James Belanger has been awarded the Natural Hazards Focus Group Award for Graduate Research, given annually to a recent Ph.D. recipient for outstanding contributions to natural hazards research. Belanger’s thesis is entitled “Predictability and prediction of tropical cyclones on daily to interannual time scales.” He gave an invited talk and was formally presented with the award at the 2012 AGU Fall Meeting, held 3–7 December in San Francisco, Calif.

 

Citation

James received his B.S. in Earth and atmospheric sciences from the Georgia Institute of Technology, Atlanta, in 2003. After spending a year at the State University of New York at Albany, under the instruction of John Molinari, James returned to the Georgia Institute of Technology and completed his Ph.D. in atmospheric dynamics under the supervision of Judith Curry in August 2012. His research interests include tornadoes, hurricanes, and atmospheric predictability.

 

Valentin Gischig has been awarded the AGU Natural Hazards Focus Group Award for Graduate Research, given annually to a recent Ph.D. recipient for outstanding contributions to natural hazards research. Gischig’s thesis is entitled “Kinematics and failure mechanisms of the Randa rock slope instability (Switzerland).” He presented an invited talk and was formally presented with the award at the 2011 AGU Fall Meeting, held 5–9 December in San Francisco, Calif.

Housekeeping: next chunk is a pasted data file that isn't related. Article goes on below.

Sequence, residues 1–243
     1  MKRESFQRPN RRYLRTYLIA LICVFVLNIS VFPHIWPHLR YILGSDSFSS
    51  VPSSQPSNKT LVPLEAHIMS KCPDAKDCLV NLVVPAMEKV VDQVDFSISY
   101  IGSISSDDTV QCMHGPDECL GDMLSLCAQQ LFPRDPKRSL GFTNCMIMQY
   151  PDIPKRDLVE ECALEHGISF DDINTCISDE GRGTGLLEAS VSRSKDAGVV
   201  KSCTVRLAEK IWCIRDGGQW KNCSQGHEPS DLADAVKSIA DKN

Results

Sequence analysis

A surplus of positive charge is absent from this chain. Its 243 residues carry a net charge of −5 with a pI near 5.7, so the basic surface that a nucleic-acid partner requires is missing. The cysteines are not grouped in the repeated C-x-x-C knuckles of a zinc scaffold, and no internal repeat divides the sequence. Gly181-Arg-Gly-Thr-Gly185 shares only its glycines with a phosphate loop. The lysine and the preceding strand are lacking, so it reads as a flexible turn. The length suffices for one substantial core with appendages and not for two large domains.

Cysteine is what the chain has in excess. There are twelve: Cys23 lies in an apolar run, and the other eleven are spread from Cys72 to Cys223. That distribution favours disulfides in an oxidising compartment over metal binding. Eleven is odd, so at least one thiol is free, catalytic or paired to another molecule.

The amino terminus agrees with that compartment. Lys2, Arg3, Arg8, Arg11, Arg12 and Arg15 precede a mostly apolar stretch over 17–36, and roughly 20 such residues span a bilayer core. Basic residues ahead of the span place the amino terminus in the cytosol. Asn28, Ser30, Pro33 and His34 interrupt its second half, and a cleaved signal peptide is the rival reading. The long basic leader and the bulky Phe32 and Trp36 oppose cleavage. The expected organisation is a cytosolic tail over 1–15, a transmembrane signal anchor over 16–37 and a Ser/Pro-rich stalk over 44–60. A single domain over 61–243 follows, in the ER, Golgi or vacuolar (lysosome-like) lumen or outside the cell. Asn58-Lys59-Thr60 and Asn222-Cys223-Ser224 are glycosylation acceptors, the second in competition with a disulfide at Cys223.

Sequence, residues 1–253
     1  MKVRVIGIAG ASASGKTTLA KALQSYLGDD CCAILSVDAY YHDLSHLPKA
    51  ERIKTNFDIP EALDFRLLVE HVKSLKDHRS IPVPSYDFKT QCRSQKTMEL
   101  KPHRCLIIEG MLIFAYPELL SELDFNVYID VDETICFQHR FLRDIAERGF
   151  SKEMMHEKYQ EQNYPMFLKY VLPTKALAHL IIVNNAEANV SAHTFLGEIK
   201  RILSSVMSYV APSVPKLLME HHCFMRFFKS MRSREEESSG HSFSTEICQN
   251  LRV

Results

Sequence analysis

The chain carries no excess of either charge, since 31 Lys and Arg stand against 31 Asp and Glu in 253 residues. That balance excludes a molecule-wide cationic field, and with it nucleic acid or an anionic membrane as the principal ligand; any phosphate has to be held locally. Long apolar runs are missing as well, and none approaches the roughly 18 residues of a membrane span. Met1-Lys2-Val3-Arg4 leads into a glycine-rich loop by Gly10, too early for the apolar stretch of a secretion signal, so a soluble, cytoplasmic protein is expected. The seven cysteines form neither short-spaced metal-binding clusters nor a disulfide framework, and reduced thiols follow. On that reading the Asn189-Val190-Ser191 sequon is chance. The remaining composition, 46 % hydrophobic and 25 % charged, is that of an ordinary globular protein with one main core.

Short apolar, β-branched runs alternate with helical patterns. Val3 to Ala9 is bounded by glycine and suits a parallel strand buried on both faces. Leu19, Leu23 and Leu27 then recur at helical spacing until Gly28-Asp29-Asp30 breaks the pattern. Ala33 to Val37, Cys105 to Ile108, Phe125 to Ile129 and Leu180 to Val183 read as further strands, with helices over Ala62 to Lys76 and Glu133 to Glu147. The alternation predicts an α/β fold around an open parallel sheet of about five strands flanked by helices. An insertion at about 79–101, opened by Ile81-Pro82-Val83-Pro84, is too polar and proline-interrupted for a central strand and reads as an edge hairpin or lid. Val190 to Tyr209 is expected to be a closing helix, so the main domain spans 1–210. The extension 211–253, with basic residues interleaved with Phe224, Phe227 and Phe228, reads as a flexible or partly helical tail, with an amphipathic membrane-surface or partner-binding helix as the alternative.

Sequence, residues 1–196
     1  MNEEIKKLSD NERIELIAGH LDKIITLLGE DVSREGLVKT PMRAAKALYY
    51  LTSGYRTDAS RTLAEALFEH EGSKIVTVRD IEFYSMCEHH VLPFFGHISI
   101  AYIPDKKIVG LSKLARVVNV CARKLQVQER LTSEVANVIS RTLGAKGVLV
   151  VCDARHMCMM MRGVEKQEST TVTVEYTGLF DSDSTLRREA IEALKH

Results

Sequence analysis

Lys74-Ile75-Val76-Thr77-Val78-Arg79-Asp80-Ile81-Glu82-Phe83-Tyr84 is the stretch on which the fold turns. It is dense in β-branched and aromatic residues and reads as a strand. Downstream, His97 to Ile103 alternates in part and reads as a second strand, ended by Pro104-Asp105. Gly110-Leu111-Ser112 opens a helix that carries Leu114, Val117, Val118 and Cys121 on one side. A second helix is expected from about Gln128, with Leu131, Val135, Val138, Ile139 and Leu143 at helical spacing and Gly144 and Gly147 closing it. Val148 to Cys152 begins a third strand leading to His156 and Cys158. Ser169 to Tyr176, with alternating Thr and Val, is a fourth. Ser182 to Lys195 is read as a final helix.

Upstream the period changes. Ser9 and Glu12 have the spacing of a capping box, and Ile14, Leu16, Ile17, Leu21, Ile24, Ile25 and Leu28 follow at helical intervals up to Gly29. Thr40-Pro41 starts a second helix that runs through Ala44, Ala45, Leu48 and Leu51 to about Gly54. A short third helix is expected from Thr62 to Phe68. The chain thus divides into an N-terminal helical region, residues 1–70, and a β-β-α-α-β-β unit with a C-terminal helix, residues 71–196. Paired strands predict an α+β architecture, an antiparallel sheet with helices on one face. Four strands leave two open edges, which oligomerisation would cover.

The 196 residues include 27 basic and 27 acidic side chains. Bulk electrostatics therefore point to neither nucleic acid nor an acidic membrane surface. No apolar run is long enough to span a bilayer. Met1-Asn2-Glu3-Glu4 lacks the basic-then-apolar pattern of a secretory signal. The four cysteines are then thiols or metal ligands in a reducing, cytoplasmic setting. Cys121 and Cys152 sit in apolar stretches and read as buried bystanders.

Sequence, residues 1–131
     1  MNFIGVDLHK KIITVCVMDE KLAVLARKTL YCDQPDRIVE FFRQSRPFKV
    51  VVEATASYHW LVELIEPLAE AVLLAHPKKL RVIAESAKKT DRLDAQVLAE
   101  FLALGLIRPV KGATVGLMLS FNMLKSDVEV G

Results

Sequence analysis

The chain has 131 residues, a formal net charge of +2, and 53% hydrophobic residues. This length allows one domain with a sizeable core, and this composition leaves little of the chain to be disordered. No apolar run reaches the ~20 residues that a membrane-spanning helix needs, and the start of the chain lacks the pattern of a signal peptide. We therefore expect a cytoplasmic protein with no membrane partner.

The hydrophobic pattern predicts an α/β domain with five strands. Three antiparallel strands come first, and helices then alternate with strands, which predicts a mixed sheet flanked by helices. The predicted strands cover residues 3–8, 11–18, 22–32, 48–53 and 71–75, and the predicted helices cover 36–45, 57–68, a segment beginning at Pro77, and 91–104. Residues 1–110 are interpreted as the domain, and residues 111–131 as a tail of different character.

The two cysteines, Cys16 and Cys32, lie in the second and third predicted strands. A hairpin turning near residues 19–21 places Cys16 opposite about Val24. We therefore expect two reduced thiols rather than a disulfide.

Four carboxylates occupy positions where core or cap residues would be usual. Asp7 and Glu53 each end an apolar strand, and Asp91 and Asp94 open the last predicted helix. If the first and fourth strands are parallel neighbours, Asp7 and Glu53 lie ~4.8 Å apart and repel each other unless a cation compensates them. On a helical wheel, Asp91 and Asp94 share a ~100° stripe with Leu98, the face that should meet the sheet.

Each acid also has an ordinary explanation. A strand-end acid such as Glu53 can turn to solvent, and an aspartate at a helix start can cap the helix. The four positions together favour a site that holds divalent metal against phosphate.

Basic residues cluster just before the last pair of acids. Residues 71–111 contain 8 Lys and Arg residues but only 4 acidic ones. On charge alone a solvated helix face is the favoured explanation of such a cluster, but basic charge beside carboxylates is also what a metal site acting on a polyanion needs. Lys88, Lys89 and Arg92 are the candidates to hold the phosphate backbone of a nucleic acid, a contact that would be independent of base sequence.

Citation

Gischig received his M.Sc. in geophysics and glaciology at Eidgenössiche Technische Hochschule (ETH) Zürich, in Switzerland, in 2007. In 2011 he attained a Ph.D. in engineering geology/rock mechanics/landslide analysis under the supervision of Simon Loew, Jeffrey R. Moore, Florian Amann, and Keith F. Evans at ETH Zürich. Gischig is currently conducting postdoctoral research at ETH Zürich. His research interests include landslides, induced seismicity in enhanced geothermal systems, and coupled processes in rock mechanics.

 

Ning Lin has been awarded the Natural Hazards Focus Group Award for Graduate Research, given annually to a recent Ph.D. recipient for outstanding contributions to natural hazards research. Lin’s thesis is entitled “Multi-hazard risk analysis related to hurricanes.” She is scheduled to present an invited talk in the Extreme Natural Events: Modeling, Prediction, and Mitigation session (NH20) during the 2010 AGU Fall Meeting, held 13–17 December in San Francisco, Calif. Lin will be formally presented with the award at the Natural Hazards focus group reception on 14 December 2010.